Saturday, January 28, 2012

REVIEW - Scarygirl.

Once upon a time, a little girl is abandoned on a clifftop road.  She has one eye, a bone where her left arm should be and a tentacle for the right.  A gigantic sentient octopus named Blister adopts the child.  Utilizing his spectacular eight-armed carpentry skills, he constructs her a dream house.  Swimming to the inky depths of the sea, he obtains stylish garments for her - names her Scarygirl - and together they spend their days discussing the nature of the universe...

Immediately, Scarygirl draws one into its corner.  Perhaps some of us simply have affections for beautiful and morbid tales of courageous young women, but this thing has a very endearing setup.  Still, as a work of art, one would be better-served to consume its source material - as a game, Scarygirl is merely decent. 

It's not bad.  It's okay.  

It's a game I wish I could have played when I was six or seven.  Kids, I expect, will get a great deal of joy out of Scarygirl - but for a palette that's tasted more than a handful of platformers, it's a merely acceptable diversion - and not worth one's time, when compared to more ambitious and refined pursuits.  

At the same time, though, being an acceptable platformer - in an age when beautiful, fun 2-D platformers are the exception rather than the rule - is perhaps a rather valuable asset, and worth consideration. 

Scarygirl employs a pleasant, pastel-hued art style directly drawn from the original comic, but never quite   achieves the same striking, joyful whimsy of its inspiration.  It's thoroughly troubling that a ten-dollar PlayStation Store game, done up with polygonal models and backdrops, isn't as visually enjoyable as the free flash game you can find on Scarygirl scribe Nathan Jurevicius's website.  Honestly - the flash game even has an opening cutscene of higher quality than anything you'll find here.  

Still, graphically, the game is good - far better than your average little PSN platformer, to be sure - it only suffers in comparison to Jurevicius's original art.  A real, significant disappointment - and a lost opportunity - is that Scarygirl's animation is perfunctory, lacking any real character or charm.  

The game's music - some lifted wholesale from the flash game - is also a standout, but that raises the question of why on earth one would want to play this game instead of that one. 

I suppose it's because Scarygirl is indeed "an acceptable platformer," and that alone is cause enough for some.  

Keeping in mind that 'acceptable' doesn't imply 'remarkable,' Scarygirl does indeed scratch the ancient gamer itch to play a running-and-jumping game - it's good, simple fun - and at the very least, I love spinning her tentacle like a helicopter blade to hover.  Its mechanics, at first, are somewhat at odds with modern conventions - you don't press the button harder or longer to jump higher, for example - but the environments are designed to only ever take perfect advantage of its slightly unorthodox gameplay.  

Scarygirl doesn't evolve its platforming much over the course of the game - merely asking you to address more complex and lethal hazards as you edge closer to the final level. Instead, it leans more heavily on its combat as it progresses-  regularly offering new skills that turn Scary's whippy, hook-tipped tentacle arm into a weapon of mass devastation.  

Like the platforming, it's a bit disappointing that the combat - which is unusually well-fleshed-out, for a game like this - does not evolve or become more complex over the course of the game.  It would be nice to have new combat skills that make significant changes to the mechanics, offering greater options, but for the most part you merely get flashier and harder-hitting attacks.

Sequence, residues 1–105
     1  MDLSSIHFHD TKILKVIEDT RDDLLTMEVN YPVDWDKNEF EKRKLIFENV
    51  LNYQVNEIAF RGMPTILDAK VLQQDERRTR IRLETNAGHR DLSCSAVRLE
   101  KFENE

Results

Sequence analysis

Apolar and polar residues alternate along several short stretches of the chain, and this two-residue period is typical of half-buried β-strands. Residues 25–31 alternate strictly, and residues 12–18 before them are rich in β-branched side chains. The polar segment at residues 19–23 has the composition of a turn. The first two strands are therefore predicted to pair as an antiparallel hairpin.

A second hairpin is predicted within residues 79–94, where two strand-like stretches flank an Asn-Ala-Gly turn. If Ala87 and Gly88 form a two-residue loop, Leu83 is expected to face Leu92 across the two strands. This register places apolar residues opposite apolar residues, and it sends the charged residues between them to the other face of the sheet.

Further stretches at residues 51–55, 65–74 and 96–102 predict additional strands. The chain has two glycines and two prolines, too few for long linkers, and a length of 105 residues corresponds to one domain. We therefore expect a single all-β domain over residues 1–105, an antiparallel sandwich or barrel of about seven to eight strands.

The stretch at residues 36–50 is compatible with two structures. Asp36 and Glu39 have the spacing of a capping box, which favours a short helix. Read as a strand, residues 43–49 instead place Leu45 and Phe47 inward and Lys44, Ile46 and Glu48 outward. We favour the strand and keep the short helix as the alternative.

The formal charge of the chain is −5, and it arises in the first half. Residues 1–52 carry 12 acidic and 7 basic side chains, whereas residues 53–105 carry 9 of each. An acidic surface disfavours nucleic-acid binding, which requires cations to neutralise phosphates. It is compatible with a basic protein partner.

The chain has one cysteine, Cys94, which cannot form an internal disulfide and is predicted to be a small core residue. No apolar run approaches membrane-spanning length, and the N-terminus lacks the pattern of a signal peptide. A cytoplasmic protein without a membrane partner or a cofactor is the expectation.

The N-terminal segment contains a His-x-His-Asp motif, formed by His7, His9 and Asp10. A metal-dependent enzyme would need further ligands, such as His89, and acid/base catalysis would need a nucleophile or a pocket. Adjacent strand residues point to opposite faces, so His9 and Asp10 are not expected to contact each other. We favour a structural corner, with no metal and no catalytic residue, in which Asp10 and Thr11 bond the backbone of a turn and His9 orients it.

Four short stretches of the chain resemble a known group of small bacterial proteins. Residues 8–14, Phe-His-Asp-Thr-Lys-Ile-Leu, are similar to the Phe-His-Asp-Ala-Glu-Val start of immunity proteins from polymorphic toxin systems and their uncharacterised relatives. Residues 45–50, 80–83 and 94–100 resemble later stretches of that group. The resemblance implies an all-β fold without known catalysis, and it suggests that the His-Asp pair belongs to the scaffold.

You want those attacks, of course - 'need' may be a better word - because Scarygirl's enemies can and will wipe the floor with you, before you learn how to dominate them.  In that, at least, it's rather satisfying.

The game's boss fights are similarly simplistic, and - like 2010's Shank - will kick the hell out of you multiple times before you simply memorize their patterns and utterly dominate them.  

If you find yourself desperate for some easy-going platforming and a touch of whimsy, Scarygirl is an acceptable diversion.  Its characters, its world, its art style are all valuable and interesting - and I'd love to explore them more - but taken on its own, this game isn't really worth ten dollars.  

Its greatest feat is that is has piqued my interest in the Scarygirl brand.  I want to read the original comic, now.  I want to spend more time with that lovely flash game - I just don't want to put any more time into TikGames' riff on the property. 

It's not terrible.  It's okay.  It's meh.  

  • lovely art direction
  • a great set-up, and a pretty good ending
  • great music
  • there's a surprising amount of combat mechanics
  • a reasonable length for the money
  • Scarygirl plays skip rope with her own tentacle as a wait animation
  • regularly rather fun
  • an easy-going, simple platformer that scratches the itch

  • there are far better platformers out there
  • the source material is way better looking
  • the flash game based on the source material is also way better looking
  • rote animation, completely dodging an opportunity to offer some vitality to the characters
  • boss fights come down to simple memorization
  • the platforming doesn't really evolve over the course of the game
  • neither does the combat
  • throwing an enemy or object into a target is near-impossible.  Honestly, would it have been so awful to let us target things?

Scarygirl is neither great not bad, but not nearly as endearing as its source material. 

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